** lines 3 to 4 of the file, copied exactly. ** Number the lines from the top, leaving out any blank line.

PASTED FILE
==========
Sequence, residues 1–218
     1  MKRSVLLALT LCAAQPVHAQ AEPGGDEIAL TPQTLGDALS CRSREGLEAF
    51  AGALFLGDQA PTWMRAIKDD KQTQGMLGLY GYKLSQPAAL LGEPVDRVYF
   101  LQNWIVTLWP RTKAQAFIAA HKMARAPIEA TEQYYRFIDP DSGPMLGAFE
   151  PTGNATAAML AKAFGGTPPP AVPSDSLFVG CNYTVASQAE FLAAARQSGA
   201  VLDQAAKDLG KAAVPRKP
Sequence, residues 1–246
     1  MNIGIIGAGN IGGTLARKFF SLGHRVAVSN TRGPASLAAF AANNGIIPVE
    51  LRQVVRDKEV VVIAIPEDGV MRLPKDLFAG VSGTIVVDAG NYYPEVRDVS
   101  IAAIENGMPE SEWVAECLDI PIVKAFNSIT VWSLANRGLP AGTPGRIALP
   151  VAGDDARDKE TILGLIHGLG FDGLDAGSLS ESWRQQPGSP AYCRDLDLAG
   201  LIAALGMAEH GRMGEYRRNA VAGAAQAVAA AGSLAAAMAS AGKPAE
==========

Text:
    51  AGALFLGDQA PTWMRAIKDD KQTQGMLGLY GYKLSQPAAL LGEPVDRVYF
   101  LQNWIVTLWP RTKAQAFIAA HKMARAPIEA TEQYYRFIDP DSGPMLGAFE